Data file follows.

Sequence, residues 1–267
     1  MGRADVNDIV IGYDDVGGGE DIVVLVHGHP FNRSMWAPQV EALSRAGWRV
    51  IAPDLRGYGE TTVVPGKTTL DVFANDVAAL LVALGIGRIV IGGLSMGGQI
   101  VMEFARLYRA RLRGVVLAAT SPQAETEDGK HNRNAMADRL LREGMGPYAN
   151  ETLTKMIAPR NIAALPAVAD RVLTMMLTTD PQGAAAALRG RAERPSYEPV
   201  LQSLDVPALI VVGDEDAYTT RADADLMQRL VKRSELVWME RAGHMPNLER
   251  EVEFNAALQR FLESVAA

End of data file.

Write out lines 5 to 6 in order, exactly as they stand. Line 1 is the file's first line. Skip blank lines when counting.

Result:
   151  ETLTKMIAPR NIAALPAVAD RVLTMMLTTD PQGAAAALRG RAERPSYEPV
   201  LQSLDVPALI VVGDEDAYTT RADADLMQRL VKRSELVWME RAGHMPNLER